April 12, 2012
The very best poetry readings are where you manage to discover something about your own work while in the act of reading; that is, you forget the notion of performance while performing. Happened to me on Tuesday at The Gods, where I found a pun lurking in one poem that I had not previously noticed, and had to swallow an inappropriate laugh. (They do breed like rats just released onto a Pacific island in my work, it must be said. Puns, that is.) I also enjoy the response of the audience. A good turn up it was too, for Melinda Smith, Russell Erwin and myself.
I wore a Vogon poetry shirt, as a little reminder that if it didn’t go well, there are definitely worse poets out there, somewhere in the universe. But it did go well, and some very intelligent questions were asked of the three readers after the readings. You can see Melinda answering one being put to her by Geoff Page in the last photo, while I try and disappear behind the microphone. (Russell was there too, but out of shot. He’s the one in the striped top above.)
Reading one’s work is fun, as is discovering the work of others in their own voices. Melinda’s tart, elegant and poignant poetry, Russell’s dive-in and discover expansive explorations, and whatever it is that I write made for a varied menu. I managed to put in a plug for humorous poetry, too, during the questions. And people were laughing during parts of the reading, and I think in a good way.
Now back to the serious, beret-ed business of writing some more poetry, having scuttled out into a public place for a couple of hours.
February 21, 2012
Watching Les Murray
(I am not making this up)
I went to hear a certain poet
the best known one,
the big one we own.
I wished I could draw
his gentle circles,
his particular infinity.
But I can’t draw.
Though there were pencils.
Giant ones. Three metres tall. Red.
I am not making this up.
So I sat and watched Les,
dwarfed by these giant pencils.
And if you don’t believe that,
you won’t believe this;
the place where he read
was called The Gods.
So I sat, a poet from Lilliput,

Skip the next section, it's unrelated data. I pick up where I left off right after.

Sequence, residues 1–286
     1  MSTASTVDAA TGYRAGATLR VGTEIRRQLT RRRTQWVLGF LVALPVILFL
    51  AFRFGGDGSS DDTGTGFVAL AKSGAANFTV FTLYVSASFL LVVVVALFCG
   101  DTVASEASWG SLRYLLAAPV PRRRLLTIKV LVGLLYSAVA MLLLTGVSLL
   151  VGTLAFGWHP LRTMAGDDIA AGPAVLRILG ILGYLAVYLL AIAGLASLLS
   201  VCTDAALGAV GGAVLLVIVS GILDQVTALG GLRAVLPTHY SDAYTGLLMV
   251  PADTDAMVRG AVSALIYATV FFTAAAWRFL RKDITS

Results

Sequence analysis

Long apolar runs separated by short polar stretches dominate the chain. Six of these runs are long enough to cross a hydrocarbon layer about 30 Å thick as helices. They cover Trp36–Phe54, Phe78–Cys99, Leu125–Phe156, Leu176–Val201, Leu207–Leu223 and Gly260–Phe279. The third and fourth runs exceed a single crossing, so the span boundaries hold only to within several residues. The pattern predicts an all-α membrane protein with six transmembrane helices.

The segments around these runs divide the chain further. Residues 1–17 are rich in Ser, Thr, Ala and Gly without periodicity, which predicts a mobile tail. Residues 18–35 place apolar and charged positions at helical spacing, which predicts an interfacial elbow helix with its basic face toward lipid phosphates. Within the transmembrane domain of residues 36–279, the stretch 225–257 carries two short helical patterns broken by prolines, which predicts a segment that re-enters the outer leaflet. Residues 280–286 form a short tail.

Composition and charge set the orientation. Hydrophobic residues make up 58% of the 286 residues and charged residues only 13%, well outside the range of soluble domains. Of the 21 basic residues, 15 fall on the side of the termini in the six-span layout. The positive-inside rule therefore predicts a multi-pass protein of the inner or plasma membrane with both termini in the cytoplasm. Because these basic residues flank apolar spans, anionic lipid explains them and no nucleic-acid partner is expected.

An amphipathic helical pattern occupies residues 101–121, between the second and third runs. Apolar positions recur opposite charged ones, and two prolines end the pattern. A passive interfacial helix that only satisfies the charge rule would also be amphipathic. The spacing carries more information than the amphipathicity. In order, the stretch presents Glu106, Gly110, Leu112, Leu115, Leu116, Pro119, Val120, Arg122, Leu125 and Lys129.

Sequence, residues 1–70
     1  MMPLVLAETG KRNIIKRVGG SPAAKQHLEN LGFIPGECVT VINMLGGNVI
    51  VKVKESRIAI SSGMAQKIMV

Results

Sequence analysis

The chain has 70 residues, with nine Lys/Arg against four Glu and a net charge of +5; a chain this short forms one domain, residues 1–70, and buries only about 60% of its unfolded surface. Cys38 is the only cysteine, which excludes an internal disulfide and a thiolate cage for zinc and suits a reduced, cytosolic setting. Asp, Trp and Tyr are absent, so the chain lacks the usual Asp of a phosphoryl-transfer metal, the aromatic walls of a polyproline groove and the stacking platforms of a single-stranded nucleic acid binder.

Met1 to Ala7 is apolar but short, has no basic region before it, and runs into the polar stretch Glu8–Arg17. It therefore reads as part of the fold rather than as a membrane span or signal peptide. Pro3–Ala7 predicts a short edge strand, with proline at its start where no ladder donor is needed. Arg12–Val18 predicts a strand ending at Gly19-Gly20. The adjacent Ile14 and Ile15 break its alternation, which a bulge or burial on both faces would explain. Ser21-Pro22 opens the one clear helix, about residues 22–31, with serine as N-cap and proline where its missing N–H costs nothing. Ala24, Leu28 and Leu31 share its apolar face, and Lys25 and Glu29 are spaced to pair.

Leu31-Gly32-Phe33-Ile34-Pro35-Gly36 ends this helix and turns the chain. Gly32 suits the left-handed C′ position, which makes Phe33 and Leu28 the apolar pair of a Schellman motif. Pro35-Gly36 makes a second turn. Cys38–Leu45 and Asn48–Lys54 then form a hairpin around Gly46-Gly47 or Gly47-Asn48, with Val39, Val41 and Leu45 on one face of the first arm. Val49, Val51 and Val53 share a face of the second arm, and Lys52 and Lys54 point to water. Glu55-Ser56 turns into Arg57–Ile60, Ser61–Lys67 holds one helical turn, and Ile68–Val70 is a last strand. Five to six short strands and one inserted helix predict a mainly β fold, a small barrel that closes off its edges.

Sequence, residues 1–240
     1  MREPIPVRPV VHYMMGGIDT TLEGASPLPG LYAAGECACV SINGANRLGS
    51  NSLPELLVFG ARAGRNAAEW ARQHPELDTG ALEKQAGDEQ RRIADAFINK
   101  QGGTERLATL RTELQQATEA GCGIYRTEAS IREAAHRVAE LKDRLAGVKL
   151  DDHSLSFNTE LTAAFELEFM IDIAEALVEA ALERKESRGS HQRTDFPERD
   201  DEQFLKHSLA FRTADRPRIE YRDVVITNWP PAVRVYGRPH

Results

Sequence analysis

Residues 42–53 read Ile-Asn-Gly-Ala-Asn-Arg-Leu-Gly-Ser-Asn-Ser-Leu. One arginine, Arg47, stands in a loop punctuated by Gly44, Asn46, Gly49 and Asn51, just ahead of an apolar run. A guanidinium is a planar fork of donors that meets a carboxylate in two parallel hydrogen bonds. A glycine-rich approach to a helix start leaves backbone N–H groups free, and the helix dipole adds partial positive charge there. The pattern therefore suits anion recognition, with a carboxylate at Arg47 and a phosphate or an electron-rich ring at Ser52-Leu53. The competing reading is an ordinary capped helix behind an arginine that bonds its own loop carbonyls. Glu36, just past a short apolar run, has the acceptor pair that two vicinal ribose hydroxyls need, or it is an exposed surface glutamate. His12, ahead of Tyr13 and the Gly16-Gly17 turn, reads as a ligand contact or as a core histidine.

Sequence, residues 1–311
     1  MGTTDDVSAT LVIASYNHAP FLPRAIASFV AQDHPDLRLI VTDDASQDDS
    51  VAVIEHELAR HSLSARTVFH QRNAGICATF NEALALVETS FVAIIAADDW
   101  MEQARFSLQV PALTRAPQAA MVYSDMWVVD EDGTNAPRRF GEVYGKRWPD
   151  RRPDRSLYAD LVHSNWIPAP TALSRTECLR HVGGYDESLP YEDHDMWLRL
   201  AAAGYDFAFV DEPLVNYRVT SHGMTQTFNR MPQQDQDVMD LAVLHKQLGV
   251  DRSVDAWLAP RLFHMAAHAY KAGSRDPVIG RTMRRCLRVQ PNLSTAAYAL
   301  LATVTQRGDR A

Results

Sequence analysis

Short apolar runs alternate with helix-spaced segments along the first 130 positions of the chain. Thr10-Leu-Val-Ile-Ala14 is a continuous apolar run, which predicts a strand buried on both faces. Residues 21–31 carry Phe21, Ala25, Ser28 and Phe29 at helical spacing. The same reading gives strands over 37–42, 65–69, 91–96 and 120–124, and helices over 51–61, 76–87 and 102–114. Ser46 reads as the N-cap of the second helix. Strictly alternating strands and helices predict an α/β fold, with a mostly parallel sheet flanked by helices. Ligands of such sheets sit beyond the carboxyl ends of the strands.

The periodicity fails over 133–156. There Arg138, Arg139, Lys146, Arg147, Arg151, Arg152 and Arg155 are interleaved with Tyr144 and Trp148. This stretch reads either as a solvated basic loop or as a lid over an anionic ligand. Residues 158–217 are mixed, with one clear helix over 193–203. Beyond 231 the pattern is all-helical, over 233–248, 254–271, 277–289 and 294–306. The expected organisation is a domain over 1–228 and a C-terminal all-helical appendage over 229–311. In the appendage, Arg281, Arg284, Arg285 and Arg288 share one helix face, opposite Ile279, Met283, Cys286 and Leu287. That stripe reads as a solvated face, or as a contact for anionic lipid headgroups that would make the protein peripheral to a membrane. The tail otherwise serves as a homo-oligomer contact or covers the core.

leaning on a giant pencil,
listening to God, or at least,
his Southern emissary.
I laid wistful eggs on the pencils.
In time, something may emerge,
and help me make something up.
I went to see Les Murray read at the Gods, a café/restaurant on the Australian National University campus on Wednesday, 15th February. Organised, as always, by the indefatigable Geoff Page. There are giant pencils attached to the walls of the café, as you can see in this appalling photo:
Les Murray is so very good as a reader, and I was impressed by how many humorous poems he read last week. I wrote the poem above about four years ago, when I was just starting to make contact with my fellow poets (but before my licence was issued, in the form of my first book). It recalls a much shyer Penelope, sitting in the corner, watching Les read.
Another poet at Les’s reading was Mark Tredinnick, who, as you may know, recently won the Montreal Poetry Prize for his poem, ‘Walking Underwater’. Mark is of course endlessly teased now by cruel people (who shall remain nameless) about how he is spending the prize money, but he takes it very well.
All in all, this was a wonderful night and it reminded me of just how good poetry can be. As Les Murray said, poetry is strong stuff, and it doesn’t need the crutch of prose to justify itself.
Easy for you to say, Les!
On a totally unrelated issue, my review of ‘A Tingling Catch’ : A Century of New Zealand Cricket Poems 1864-2009, ed. Mark Pirie, Wellington: HeadworX, 2010 has just been published at Cordite. Those who were worried that I was going to write a post without mentioning sport can now breathe more easily. Although watching poets read (and listening to them, too) has aspects of a sport about it.